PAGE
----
Neuroprotective potential of chrysin in Parkinson's disease: Molecular mechanisms and clinical implications.
Neurochem Int. 2020 Jan ;132:104612. Epub 2019 Nov 27. PMID: 31785348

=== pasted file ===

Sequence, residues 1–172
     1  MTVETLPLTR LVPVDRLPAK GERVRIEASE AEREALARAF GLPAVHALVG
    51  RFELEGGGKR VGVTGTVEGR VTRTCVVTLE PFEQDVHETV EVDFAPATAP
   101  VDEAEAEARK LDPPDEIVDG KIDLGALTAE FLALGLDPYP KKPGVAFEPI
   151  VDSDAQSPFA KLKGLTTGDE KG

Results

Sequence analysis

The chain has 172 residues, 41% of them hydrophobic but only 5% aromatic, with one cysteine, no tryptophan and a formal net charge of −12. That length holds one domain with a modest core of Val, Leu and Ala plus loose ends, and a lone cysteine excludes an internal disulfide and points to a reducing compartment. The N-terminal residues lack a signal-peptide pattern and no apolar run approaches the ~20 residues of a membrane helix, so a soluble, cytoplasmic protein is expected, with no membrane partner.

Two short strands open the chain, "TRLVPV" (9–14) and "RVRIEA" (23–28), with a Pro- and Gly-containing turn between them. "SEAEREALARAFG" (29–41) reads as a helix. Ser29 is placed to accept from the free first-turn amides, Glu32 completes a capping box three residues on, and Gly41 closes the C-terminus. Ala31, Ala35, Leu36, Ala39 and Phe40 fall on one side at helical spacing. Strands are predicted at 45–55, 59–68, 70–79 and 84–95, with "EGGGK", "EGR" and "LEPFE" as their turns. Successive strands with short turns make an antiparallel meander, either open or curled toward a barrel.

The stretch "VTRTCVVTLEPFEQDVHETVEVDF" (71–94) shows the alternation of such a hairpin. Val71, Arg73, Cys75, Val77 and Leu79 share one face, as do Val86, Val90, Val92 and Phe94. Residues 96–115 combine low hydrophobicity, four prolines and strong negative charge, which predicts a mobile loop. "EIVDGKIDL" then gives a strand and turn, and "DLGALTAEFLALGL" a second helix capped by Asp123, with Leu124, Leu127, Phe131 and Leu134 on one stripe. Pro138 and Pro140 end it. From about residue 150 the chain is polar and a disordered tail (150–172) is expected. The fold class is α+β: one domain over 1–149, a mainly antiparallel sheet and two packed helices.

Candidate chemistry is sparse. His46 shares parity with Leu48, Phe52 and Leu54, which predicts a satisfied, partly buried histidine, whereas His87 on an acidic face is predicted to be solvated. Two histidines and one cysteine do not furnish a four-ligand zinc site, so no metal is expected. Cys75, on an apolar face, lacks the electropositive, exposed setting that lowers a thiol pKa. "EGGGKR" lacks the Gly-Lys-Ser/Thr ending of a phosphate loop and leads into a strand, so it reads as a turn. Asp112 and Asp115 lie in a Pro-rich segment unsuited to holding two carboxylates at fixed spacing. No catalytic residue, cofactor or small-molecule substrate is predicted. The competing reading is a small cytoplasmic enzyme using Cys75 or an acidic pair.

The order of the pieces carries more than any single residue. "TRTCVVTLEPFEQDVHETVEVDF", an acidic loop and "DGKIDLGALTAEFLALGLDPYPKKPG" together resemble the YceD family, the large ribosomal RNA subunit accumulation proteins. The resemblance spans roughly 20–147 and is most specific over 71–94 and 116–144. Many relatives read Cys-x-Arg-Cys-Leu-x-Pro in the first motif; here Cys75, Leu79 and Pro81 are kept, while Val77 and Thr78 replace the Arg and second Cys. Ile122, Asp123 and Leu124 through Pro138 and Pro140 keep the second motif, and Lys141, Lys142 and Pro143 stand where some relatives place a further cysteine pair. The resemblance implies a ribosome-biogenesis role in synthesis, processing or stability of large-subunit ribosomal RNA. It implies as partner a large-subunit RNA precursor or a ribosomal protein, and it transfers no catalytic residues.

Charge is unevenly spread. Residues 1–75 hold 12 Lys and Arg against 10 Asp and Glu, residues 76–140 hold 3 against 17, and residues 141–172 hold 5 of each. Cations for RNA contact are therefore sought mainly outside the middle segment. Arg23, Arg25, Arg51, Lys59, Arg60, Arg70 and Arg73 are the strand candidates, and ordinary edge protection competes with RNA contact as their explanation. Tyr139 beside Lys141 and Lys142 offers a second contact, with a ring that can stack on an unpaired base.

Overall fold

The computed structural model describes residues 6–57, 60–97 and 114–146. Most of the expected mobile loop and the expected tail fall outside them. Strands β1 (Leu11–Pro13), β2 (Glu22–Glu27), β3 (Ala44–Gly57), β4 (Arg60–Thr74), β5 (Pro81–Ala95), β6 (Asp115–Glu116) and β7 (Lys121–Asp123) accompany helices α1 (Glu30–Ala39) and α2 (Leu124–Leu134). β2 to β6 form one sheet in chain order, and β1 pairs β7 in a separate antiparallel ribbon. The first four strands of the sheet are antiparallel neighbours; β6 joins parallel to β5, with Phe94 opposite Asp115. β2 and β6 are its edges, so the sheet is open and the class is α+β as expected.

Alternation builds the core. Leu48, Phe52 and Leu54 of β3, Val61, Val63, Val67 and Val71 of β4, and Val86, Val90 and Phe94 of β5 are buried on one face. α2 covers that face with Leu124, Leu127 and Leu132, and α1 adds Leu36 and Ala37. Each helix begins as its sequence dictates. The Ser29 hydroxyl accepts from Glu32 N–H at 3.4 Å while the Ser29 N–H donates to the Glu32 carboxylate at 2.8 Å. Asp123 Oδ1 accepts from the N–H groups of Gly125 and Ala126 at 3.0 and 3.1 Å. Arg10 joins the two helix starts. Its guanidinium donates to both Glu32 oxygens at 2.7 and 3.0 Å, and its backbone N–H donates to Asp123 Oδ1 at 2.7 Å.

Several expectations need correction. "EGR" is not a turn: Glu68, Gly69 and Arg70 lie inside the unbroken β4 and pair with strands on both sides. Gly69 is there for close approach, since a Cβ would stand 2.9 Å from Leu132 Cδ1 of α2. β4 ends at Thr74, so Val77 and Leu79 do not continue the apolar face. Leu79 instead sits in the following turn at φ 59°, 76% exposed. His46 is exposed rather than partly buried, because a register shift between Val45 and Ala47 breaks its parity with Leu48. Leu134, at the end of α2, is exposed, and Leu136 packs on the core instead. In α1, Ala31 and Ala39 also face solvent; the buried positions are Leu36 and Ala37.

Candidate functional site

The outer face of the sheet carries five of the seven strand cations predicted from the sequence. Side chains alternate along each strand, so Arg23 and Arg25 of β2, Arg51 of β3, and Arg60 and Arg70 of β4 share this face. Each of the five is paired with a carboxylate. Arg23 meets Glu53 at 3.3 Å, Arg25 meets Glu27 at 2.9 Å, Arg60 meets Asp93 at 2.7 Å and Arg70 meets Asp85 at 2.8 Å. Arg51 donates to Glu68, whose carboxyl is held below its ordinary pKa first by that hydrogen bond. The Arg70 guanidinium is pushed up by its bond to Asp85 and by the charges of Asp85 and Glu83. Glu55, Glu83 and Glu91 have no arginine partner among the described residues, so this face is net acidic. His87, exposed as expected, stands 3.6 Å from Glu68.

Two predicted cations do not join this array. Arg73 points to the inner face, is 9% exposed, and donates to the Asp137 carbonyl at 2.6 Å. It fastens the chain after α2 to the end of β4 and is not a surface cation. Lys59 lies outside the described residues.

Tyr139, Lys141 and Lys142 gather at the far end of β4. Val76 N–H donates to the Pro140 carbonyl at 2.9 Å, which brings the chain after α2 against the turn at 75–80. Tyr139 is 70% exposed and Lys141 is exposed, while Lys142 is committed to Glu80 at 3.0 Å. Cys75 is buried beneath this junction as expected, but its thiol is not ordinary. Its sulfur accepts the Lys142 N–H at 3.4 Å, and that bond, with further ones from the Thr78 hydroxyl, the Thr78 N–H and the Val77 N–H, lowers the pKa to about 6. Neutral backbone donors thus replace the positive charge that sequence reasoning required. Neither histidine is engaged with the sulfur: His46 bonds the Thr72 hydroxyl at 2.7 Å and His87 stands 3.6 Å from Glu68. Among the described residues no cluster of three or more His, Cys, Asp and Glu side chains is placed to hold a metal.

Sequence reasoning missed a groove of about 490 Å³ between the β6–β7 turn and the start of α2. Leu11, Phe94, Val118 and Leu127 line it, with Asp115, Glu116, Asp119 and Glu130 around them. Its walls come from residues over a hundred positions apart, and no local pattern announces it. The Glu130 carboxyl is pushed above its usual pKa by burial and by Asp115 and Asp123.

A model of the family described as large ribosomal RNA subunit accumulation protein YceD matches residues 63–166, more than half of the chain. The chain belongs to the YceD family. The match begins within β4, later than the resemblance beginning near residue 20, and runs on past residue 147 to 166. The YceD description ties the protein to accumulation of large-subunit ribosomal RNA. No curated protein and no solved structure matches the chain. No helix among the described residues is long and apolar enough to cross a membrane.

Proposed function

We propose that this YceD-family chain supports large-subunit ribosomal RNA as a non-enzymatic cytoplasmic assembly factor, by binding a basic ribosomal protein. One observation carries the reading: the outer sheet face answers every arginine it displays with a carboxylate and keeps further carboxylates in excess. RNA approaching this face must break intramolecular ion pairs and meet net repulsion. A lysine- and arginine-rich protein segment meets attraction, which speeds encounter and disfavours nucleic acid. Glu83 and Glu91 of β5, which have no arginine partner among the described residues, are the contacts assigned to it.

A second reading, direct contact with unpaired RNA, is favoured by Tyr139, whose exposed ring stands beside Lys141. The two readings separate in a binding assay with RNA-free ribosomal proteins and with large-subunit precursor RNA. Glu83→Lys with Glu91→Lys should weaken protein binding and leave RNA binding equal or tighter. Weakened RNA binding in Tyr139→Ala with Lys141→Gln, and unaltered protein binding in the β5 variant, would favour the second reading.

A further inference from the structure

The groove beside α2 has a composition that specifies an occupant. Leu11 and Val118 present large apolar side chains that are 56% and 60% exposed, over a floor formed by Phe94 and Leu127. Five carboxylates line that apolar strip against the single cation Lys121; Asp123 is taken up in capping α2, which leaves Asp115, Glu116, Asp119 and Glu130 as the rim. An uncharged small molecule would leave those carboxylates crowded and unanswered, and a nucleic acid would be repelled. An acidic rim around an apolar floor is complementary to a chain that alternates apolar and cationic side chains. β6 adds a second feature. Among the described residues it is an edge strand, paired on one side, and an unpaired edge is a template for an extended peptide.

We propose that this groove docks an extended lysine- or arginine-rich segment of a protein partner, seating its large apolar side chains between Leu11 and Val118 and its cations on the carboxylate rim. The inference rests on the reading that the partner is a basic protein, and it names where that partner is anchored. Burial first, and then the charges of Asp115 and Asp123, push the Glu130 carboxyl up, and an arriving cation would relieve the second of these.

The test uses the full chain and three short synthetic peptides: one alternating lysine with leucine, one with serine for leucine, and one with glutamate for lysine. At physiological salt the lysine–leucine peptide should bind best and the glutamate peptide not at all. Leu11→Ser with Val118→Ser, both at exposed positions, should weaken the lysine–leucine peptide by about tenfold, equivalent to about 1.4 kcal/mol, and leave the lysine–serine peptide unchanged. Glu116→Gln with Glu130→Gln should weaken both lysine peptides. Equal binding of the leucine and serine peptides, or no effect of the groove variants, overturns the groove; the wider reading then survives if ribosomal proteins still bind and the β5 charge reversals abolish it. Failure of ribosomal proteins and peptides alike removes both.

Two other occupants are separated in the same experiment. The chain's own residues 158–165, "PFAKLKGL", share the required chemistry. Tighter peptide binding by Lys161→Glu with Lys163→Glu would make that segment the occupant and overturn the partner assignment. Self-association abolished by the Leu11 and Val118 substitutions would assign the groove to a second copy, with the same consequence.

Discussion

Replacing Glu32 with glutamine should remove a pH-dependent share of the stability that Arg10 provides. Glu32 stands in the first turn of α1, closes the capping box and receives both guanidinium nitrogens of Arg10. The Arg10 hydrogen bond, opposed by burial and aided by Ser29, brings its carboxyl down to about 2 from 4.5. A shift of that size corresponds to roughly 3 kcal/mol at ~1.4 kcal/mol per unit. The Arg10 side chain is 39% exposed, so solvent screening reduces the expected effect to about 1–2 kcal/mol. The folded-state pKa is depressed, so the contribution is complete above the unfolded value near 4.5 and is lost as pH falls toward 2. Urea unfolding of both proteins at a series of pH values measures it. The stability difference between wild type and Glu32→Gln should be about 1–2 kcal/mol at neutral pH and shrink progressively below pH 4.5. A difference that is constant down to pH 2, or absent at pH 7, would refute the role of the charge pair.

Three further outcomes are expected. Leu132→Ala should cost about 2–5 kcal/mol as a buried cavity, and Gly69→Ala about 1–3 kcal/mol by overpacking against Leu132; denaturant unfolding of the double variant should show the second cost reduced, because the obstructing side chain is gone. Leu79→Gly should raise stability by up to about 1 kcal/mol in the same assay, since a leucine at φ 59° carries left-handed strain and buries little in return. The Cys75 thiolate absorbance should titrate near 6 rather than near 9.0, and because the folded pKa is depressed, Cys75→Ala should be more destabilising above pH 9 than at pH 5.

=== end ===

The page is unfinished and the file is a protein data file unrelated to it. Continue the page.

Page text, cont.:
Parkinson's disease (PD) is the most common neurodegenerative movement disorder, with current treatment being mainly symptomatic and often accompanied by serious side effects. In search of novel and safe therapeutic agents for PD, natural flavonoids have been shown to exert significant neuroprotective effects. Among them, chrysin (5,7-dihydroxyflavone) has been demonstrated to exhibit anti-oxidative effects to dopaminergic neurons mainly by increasing the expression of Nuclear Factor Erythroid 2 -related factor 2 (NRF2) which reduces intracellular nitric oxide (NO) levels and regulates anti-oxidant pathways. Moreover, chrysin activates Myocyte Enhancer factor 2D (MEF2D), a critical transcription factor involved in dopaminergic survival. It suppresses the MPP-induced upregulation of c-caspase and Bax as well as the downregulation of anti-apoptotic protein Bcl 2. Chrysin also enhances the production of neurotrophic factors, contributing to neuronal survival. Of interest, the combination of chrysin with protocatechuic acid (PCA) has been demonstrated to inhibit neuronal loss in PD animal models. Along with anti-inflammatory properties, chrysin has also been shown to increase dopamine levels in the striatum via monoamino-oxidase B (MAO-B) inhibition while it restores the behavioral deficits in PD animal models. In this review, we discuss the molecular mechanisms that underlie the possible neuroprotective effects of chrysin in PD pathogenesis along with its therapeutic potential.